Definition of old man in English:

old man

noun

  • 1An elderly male person.

    • ‘We weren't in some grand chamber filled with old men in gowns and wigs, but in a little room with an awning tacked on to the side.’
    • ‘The Government are banking on us all being old men who are too tired to keep up the fight, so we have to show them that they are wrong.’
    • ‘It won't matter how young or old you are, our secret police enforcers are especially good at roughing up frail old men.’
    • ‘In the park outside, an old olive grove, people dozed or picnicked under the trees, and a group of old men played boules.’
    • ‘It attracts an array of people, from students, to old men, to astonished Japanese tourists.’
    • ‘Now, they're just staid old men and women in freshly pressed casual suits and middle management voices.’
    • ‘From one of these old men, whose name is not mentioned here, I received the sense of having been in the presence of evil.’
    • ‘That has to be protected, and apart from young men like Mr Hoffman and old men like myself, it is not being cherished.’
    • ‘By the afternoon it has begun to hold its public: huddles of old men, children chasing pigeons.’
    • ‘The place was rammed full of partying people and drunken old men staggering up rocky castle path walkways.’
    • ‘A wide green landscape, dotted with the gnarly figures of cork oaks like thousands of bent old men.’
    • ‘One man told me four other old men in his village had already died.’
    • ‘A health visitor sometimes visits, but in an emergency both these old men would be in trouble out here.’
    • ‘He and I grew up together and sang together from little boys to old men.’
    • ‘Apart from wealthy old men and executives it's not much of a hedonist indulgence but a matter of actual need.’
    • ‘Three old men were listening intently to the BBC World Service news in Pashto.’
    • ‘He seemed to know of the book, but it's difficult to tell with old men, especially old men who don't get much company.’
    • ‘And up and down the street, the passers-by and the old men coming back from the mosque joined in.’
    • ‘Regulars, passers-by and lonely old men all cross the threshold in search of a cappuccino and a bit of a chat.’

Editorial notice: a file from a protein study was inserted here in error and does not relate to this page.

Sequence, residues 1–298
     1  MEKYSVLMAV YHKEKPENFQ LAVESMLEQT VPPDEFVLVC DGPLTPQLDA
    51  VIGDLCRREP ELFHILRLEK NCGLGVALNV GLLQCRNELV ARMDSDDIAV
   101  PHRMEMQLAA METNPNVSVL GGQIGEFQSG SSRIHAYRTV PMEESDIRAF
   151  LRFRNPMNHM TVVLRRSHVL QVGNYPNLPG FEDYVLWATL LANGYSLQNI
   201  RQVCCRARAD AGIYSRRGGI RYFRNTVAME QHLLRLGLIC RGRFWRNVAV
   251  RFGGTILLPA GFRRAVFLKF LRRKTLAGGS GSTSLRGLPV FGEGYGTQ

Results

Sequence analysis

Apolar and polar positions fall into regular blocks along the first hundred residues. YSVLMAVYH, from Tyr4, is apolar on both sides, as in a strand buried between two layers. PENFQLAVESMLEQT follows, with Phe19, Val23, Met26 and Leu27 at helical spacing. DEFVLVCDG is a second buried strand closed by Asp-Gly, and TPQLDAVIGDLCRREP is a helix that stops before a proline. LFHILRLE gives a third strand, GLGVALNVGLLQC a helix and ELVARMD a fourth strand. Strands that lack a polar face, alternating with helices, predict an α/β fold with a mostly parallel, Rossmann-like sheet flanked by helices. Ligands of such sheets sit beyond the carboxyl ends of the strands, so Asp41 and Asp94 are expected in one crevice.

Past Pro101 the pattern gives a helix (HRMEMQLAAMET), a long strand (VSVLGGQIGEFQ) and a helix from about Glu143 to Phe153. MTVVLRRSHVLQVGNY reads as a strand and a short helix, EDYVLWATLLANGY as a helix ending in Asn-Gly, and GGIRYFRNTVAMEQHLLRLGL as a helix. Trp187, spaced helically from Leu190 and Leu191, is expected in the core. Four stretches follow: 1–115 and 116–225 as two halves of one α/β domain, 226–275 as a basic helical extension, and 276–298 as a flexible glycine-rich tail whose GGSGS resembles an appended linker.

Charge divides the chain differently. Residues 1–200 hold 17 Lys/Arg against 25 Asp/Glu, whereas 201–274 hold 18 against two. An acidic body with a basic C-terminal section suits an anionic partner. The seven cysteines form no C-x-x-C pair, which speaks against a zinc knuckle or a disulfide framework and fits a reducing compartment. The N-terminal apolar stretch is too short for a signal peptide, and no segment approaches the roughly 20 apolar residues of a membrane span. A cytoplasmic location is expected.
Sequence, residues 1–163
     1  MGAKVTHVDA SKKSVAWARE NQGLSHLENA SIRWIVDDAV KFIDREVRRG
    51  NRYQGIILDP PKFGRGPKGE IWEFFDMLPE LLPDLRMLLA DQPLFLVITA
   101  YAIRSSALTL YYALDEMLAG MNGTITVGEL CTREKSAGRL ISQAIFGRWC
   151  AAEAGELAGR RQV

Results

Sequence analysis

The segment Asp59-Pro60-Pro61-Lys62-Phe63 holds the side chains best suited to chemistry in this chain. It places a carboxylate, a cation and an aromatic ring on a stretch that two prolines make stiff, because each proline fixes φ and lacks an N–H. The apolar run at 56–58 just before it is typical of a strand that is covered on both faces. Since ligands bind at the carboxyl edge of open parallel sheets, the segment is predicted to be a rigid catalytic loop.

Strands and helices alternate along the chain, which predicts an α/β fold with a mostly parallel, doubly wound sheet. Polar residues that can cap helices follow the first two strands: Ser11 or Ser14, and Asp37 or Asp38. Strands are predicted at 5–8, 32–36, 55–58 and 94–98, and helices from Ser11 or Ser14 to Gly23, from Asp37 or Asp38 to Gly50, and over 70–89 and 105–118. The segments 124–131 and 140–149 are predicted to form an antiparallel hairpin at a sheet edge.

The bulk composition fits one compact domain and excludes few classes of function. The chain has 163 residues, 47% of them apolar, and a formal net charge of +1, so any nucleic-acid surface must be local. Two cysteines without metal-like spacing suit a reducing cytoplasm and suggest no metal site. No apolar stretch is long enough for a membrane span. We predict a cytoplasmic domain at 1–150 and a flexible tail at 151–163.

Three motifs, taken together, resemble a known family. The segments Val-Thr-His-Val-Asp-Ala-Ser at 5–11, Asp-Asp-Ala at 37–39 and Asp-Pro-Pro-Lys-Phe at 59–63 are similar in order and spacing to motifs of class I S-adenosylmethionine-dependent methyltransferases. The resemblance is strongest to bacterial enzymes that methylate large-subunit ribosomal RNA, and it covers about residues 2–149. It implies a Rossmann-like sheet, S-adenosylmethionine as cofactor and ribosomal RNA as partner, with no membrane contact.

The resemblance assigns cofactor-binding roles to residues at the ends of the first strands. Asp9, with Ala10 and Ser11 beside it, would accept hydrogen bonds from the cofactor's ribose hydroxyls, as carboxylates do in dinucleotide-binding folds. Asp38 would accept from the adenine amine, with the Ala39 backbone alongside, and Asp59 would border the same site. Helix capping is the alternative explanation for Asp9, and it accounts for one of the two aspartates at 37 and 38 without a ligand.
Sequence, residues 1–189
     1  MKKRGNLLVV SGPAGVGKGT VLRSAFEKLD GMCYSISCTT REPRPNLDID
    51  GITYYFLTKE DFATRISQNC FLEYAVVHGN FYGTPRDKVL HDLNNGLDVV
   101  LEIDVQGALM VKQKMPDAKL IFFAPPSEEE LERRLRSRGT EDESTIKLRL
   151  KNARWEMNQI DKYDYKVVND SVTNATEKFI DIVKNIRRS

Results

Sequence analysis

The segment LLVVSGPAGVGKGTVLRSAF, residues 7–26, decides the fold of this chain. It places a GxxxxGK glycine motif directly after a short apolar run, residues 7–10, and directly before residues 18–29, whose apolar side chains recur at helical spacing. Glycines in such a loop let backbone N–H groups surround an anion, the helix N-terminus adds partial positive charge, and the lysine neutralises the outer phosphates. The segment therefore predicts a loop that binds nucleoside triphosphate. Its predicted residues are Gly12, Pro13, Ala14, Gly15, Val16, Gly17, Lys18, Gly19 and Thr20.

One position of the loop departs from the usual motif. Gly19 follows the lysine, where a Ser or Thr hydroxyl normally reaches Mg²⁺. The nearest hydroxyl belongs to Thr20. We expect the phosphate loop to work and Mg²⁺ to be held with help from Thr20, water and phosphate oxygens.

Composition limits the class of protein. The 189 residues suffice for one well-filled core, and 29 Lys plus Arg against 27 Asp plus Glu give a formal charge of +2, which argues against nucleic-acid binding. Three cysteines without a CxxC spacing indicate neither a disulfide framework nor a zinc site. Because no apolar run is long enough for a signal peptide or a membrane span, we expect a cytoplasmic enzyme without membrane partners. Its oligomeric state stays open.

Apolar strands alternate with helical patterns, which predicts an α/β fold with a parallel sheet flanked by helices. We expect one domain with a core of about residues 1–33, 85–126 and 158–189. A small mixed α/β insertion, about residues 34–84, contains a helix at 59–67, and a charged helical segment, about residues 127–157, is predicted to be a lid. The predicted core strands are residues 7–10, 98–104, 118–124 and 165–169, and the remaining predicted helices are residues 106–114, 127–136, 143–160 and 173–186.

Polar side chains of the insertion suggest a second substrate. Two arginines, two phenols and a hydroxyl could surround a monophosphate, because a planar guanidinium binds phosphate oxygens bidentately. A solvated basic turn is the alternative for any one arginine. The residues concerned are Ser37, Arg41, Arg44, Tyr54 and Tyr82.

• ‘Just before midnight he started to play his guitar and the two old men who had sat in the rain with their ouzo bottle got up and started to dance.’
    senior citizen, pensioner, oap, elder, elderly man, grandfather
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    1. 1.1one's old maninformal A person's father or a woman's husband or boyfriend.
      ‘when her old man left she moved in with Drummond’
      • ‘Everyone has rumors about how your old man beats you.’
      • ‘Give your old man a kiss’
      • ‘Never mind what your old man said: your instinct to report theft was right.’
      • ‘So, your old man's a fraud’
      • ‘Your old man's gonna break your back!’
      • ‘He stalked out of the car, thinking how typical it was that his old man would keep his hundred-year-old car in pristine condition and then forget to gas it up.’
      • ‘And my wife's old man promptly died in the office.’
      • ‘Its great to drink with your old man on fathers day’
      husband, man
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    2. 1.2the old maninformal A man in authority over others, especially an employer or commanding officer.
      ‘the old man wants a progress report’
      • ‘At times the old man appears to be controlling the situation.’
      • ‘Dressed, we walked down to the office where the old man was already pouring a drink.’
      • ‘And not to forget that as long as the old man is still the President of Swapo, all of us are actually financing the activities of Swapo.’
      • ‘In 1991, when the old man ran for president, MH wholeheartedly supported him.’
      • ‘Willie takes over the business but admits the old man as silent partner, as the two younger daughters become free to marry.’
      captain, owner, boss, employer, foreman, manager, overseer, superintendent, director, controller, head, headman, principal
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    3. 1.3British informal An affectionate form of address between men or boys.
      ‘are you all right, old man?’
      • ‘Is that supposed to make me feel better, old man?’
      • ‘Life without my scintillating personality just wasn't the same, was it, old man?’
      • ‘You're fast with them old hands, but you should've stayed in those mountains, old man.’
      • ‘Well, they are your patrons, old man, so they do have some right to demand work from you.’
      • ‘Between you and me, old man, I'm glad they got me before it went any further.’
      • ‘When asked by a policeman why he did it he replied, ‘sheer high spirits, old man.’’
      • ‘I will be back, old man, and when Francis finds out about this, he'll be with me.’
      • ‘George smiled and leaned into him and whispered, ‘Tell someone who cares, old man.’’
    4. 1.4informal Used with a surname instead of Mr.
      ‘old man Roberts’
      • ‘The courtesans gathered, musicians played, and a feast like none had before witnessed was prepared to welcome back the Prince and to celebrate old man Clemantini.’
  • 2

    another term for southernwood
    • ‘There's a good cover of eucalyptus gum trees, lots of old man salt bush and we have a thirty mile frontage onto the Barwon River.’

Pronunciation

old man